Cutoff point


Also found in: Dictionary, Idioms, Encyclopedia.

Cutoff point

The lowest rate of return acceptable on investments.

Cutoff Point

The required rate of return needed to make an investment worth the expense. The cutoff point is subject and varies from investor to investor. However, in general, cutoff points vary by risk. That is, the cutoff point is almost higher for a riskier investment, meaning that the investor will not invest in a risky venture that is unlikely to have a high rate of return. Some investors adopt cutoff points as their personal investment policies, while others decide based on the situation.
Mentioned in ?
References in periodicals archive ?
Yang et al have also reported an NC of greater than 39 cm for men and greater than 35 cm for women as the cutoff point that best correlates with subjects having metabolic syndrome.
As for participants with cognitive impairments, the results indicate that the absence of visual items dramatically decreased sensitivity values from 90% to 44% for MCI and from 100% to 87% for AD when the cutoff point was shifted by the absolute value of dropped items.
The cutoff points may also not be relevant for use with older adults who are experiencing both acute and chronic pain from multiple comorbid conditions.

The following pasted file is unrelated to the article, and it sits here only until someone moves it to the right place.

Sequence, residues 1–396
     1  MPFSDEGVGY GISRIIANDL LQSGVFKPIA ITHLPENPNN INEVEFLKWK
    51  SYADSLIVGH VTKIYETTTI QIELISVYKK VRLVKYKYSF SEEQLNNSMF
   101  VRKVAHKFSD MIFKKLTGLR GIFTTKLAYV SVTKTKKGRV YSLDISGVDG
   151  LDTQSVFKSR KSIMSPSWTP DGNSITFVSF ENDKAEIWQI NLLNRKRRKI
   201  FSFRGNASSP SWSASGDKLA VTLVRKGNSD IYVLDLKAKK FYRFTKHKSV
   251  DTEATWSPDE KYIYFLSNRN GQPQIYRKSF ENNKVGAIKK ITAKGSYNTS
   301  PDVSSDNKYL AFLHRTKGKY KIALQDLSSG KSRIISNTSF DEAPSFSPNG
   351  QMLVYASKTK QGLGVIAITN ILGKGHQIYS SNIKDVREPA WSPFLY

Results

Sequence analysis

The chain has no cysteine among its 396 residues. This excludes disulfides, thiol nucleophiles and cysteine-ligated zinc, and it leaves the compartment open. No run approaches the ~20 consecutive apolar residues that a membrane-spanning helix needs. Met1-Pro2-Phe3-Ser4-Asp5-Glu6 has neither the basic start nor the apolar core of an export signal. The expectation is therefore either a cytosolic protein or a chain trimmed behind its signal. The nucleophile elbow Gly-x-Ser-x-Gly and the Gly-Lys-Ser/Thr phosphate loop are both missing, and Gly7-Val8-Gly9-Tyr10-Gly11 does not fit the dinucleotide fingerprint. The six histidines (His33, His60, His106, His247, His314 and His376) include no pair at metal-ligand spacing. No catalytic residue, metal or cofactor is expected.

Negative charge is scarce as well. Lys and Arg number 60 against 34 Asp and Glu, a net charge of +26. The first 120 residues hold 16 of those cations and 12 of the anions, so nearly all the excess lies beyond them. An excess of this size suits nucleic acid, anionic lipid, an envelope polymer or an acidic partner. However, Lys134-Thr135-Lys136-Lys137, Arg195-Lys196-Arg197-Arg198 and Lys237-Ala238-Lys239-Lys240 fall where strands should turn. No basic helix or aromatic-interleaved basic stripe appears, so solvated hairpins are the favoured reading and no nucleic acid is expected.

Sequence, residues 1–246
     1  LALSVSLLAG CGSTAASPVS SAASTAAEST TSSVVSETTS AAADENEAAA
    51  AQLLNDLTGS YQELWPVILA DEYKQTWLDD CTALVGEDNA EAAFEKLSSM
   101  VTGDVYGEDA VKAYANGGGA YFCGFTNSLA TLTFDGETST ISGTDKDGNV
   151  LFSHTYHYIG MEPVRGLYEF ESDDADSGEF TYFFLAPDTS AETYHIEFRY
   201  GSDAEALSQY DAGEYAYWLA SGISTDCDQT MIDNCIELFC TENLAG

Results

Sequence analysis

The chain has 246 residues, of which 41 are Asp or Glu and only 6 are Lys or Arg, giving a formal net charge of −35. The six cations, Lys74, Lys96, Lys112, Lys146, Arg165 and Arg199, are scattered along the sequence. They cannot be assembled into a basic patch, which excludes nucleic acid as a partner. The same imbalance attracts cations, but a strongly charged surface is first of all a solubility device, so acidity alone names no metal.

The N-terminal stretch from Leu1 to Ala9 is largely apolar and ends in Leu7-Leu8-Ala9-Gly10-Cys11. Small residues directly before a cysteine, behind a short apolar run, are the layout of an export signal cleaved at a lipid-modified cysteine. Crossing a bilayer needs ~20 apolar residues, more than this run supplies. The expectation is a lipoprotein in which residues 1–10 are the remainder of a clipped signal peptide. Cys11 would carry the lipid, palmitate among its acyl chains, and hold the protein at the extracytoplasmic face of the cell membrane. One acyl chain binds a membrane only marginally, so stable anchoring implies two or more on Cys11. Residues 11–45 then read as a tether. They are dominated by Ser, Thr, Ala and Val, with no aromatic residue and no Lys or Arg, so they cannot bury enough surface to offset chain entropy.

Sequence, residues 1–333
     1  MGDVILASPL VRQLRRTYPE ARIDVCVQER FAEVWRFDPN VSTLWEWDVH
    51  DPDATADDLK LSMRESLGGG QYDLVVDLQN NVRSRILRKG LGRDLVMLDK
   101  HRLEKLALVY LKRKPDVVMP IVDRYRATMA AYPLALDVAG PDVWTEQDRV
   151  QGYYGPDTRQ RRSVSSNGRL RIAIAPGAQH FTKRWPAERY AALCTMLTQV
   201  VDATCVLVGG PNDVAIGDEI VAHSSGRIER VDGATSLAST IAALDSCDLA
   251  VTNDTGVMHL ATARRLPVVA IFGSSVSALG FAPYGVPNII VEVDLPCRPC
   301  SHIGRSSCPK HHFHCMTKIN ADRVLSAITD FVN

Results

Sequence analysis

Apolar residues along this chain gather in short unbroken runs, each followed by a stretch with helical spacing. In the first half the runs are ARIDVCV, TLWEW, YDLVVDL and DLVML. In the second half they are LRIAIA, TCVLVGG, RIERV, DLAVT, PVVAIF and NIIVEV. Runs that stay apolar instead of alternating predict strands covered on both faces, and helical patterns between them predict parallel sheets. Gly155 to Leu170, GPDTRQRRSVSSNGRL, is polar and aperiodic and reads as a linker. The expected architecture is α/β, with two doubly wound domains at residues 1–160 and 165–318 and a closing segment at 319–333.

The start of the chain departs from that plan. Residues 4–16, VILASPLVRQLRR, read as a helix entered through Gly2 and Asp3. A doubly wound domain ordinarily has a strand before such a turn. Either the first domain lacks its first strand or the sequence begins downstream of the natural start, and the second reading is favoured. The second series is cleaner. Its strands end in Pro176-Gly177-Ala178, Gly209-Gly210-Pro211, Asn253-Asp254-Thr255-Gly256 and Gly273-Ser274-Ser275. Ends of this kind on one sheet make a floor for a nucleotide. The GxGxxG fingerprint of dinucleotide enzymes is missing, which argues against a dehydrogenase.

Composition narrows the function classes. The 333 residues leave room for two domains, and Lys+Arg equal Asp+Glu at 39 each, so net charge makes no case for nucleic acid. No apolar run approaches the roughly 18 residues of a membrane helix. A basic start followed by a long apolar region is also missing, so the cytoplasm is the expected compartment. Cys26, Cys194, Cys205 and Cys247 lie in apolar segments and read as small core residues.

5 to the mean, one arrives at the cutoff point for each subscale.
However, the GFR results fell below the cutoff point for moderate CKD in 16% of patients.
Supervisors Yvonne Brathwaite Burke and Zev Yaroslavsky asked Wolfe why the county must spend new money on nonessential Public Works projects when other pressing funding matters are at hand, such as the cutoff point this summer when a multibillion-dollar federal bailout of the county health system ends.
Cables are just two points adrift of the cutoff point, and the Valerie Park boss insisted: 'There is no reason why we can't earn a place in the play-offs.
Surely 22 weeks would seem a sensible cutoff point for both
34) the 85th percentile was taken as the cutoff point for overweight and the 95th for obesity.
That, in turn, requires either (a) identifying and defending a cutoff point other than conception, or (b) not identifying a cutoff point but directly attacking the argument's conclusion.
However, even with the poor or low achievement criterion, studies may not come up with identical sample, given a population, because there seems to be no agreed upon cutoff point to distinguish MD and NA children.